What is the Lions most likely 1st round draft spot: Before pick #10, pick #10, or after pick #10? Ryan Patterson (@RW_Patterson)

20man: It’s a week before the Lions select in the first round and I continue to get the feeling Lions fans won’t be hearing a name called by the Lions at No. 10.

If the price is right, I can see general manager Martin Mayhew trying to move up for an elite player – who I list as Jadeveon Clowney, Sammy Watkins or Khalil Mack.

If the price to move up for one of those players is too steep, however, Mayhew isn’t going to overpay, even in a win-now situation. If it costs too much to go up, I could see the Lions trying to move back a few spots and acquire an extra pick.

After the seven or so “elite” players at the top, there are about seven or eight players I expect will have pretty similar grades when it’s all said and done.

Cornerback Justin Gilbert, receiver Odell Beckham Jr., safety Ha Ha Clinton Dix, defensive tackle Aaron Donald and tight end Eric Ebron are all players likely to have similar grades on teams’ draft boards. If the Lions move back a few spots they can still get one of those players and get an extra pick.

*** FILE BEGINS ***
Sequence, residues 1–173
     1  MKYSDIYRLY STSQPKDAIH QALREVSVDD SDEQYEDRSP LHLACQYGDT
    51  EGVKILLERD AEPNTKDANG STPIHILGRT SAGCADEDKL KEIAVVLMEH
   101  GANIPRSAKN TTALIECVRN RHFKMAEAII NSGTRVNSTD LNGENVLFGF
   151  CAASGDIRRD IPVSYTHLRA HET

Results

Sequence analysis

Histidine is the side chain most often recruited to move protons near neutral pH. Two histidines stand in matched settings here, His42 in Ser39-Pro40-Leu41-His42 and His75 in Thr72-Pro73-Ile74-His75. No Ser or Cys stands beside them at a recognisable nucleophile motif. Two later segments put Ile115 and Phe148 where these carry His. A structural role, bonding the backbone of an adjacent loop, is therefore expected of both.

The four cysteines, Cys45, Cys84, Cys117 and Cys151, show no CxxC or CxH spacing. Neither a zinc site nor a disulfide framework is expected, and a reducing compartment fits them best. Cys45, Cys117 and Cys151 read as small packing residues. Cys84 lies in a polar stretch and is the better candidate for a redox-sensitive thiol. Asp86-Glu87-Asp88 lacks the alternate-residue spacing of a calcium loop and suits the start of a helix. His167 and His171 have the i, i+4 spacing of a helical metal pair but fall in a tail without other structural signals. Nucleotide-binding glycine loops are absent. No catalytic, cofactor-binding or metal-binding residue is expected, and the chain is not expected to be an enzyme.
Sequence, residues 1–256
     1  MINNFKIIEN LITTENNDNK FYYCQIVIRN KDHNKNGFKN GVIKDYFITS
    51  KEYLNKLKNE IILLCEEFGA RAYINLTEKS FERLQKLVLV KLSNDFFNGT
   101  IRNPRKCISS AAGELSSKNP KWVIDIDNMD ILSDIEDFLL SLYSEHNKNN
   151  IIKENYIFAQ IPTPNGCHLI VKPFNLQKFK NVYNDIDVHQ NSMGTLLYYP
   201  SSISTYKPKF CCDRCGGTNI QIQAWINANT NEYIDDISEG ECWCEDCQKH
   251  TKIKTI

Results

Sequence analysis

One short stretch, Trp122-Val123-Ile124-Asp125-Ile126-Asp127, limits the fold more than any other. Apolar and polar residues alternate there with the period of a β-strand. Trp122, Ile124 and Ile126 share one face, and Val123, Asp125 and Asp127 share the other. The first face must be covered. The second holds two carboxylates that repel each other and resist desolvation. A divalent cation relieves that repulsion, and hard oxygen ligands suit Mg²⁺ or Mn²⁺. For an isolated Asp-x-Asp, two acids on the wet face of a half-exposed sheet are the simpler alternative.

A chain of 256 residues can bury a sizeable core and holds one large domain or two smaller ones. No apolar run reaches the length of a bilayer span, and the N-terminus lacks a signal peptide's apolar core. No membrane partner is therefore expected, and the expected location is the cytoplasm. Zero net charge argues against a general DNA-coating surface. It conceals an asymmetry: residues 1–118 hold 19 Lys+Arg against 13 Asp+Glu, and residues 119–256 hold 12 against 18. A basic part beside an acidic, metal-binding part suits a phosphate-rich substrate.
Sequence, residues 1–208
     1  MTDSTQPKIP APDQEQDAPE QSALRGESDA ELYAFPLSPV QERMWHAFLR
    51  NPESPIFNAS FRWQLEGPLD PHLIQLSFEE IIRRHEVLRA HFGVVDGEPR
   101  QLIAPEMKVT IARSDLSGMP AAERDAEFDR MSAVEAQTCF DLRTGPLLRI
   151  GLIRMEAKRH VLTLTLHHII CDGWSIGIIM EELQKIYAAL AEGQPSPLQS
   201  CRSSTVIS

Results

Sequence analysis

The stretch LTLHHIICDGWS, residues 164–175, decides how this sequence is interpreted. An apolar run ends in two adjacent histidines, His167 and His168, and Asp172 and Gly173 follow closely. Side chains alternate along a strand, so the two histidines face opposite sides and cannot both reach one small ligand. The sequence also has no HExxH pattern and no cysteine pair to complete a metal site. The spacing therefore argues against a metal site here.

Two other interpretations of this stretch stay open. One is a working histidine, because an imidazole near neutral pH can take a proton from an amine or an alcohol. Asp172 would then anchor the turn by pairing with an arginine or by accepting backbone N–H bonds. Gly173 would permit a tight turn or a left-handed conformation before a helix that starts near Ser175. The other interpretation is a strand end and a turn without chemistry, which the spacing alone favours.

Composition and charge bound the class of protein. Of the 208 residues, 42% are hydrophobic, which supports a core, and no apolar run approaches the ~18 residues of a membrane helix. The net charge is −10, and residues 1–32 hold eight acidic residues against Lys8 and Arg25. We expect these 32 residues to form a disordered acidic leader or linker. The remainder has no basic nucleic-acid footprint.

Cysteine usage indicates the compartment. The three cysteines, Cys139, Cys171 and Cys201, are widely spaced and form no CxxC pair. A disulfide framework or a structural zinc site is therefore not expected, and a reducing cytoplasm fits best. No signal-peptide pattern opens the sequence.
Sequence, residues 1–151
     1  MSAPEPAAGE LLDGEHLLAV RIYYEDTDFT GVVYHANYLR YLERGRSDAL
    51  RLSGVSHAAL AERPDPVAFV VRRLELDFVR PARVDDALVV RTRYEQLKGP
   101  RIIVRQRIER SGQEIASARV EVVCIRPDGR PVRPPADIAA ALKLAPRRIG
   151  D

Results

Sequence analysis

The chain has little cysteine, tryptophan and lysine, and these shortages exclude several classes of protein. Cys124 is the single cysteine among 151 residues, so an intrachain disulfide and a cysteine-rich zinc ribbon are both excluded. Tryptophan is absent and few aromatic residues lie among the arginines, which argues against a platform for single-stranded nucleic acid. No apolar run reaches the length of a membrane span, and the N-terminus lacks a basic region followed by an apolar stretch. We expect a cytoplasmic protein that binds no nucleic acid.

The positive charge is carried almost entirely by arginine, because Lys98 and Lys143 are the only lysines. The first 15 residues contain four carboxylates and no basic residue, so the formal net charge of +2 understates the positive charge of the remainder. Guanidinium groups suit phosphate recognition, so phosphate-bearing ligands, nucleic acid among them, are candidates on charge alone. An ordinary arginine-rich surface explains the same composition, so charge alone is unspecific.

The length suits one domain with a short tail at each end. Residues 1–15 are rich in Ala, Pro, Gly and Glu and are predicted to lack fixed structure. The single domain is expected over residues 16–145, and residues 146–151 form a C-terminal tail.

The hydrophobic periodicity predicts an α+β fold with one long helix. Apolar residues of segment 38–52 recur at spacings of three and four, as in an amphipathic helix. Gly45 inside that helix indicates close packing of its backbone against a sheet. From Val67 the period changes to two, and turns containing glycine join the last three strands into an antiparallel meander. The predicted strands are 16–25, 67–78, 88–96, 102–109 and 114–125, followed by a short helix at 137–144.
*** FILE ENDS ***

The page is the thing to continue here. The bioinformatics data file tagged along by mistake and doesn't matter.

If receiver Mike Evans is still on board at No. 10 they could make the pick, but I suspect it’s either forward or back.

The best scenario for the Lions to move back is the quarterbacks or tackles fall and a team behind them wants in.

With Suh and Fairley's futures uncertain, do you see any of the early round draft picks being used on a DT? Dylan Stenger (@stenger360)

20man: Suh, Fairley and C.J. Mosley are all potentially in the last year of their respective deals.

Like I mentioned above, Pittsburgh’s Aaron Donald could be an interesting pick anywhere from No. 10-15. He has the speed and quickness to be a versatile player both inside and outside.

After Donald, players like Minnesota’s Ra’Shede Hageman, Florida State’s Tim Jernigan and Louis Nix III from Notre Dame could be potential second-round picks.

I’d expect the Lions to select a defensive tackle at some point in this draft.

I'm convinced DET has all of its starters but still need another x-factor. What position do we need it the most? Any favorites? Blake Dowsett (@BlakeDowsett42)

20man: The Lions do have most of their starters in place, but no position is set in stone if a more talented player is added. That’s just life in the NFL.